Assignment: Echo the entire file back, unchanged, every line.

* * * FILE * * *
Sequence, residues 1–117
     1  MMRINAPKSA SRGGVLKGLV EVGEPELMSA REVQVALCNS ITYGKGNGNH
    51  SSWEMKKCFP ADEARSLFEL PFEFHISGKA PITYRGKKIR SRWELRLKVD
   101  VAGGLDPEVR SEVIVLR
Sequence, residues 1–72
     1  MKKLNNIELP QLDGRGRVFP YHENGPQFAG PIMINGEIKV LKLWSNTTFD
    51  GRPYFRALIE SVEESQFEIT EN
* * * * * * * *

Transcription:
Sequence, residues 1–117
     1  MMRINAPKSA SRGGVLKGLV EVGEPELMSA REVQVALCNS ITYGKGNGNH
    51  SSWEMKKCFP ADEARSLFEL PFEFHISGKA PITYRGKKIR SRWELRLKVD
   101  VAGGLDPEVR SEVIVLR
Sequence, residues 1–72
     1  MKKLNNIELP QLDGRGRVFP YHENGPQFAG PIMINGEIKV LKLWSNTTFD
    51  GRPYFRALIE SVEESQFEIT EN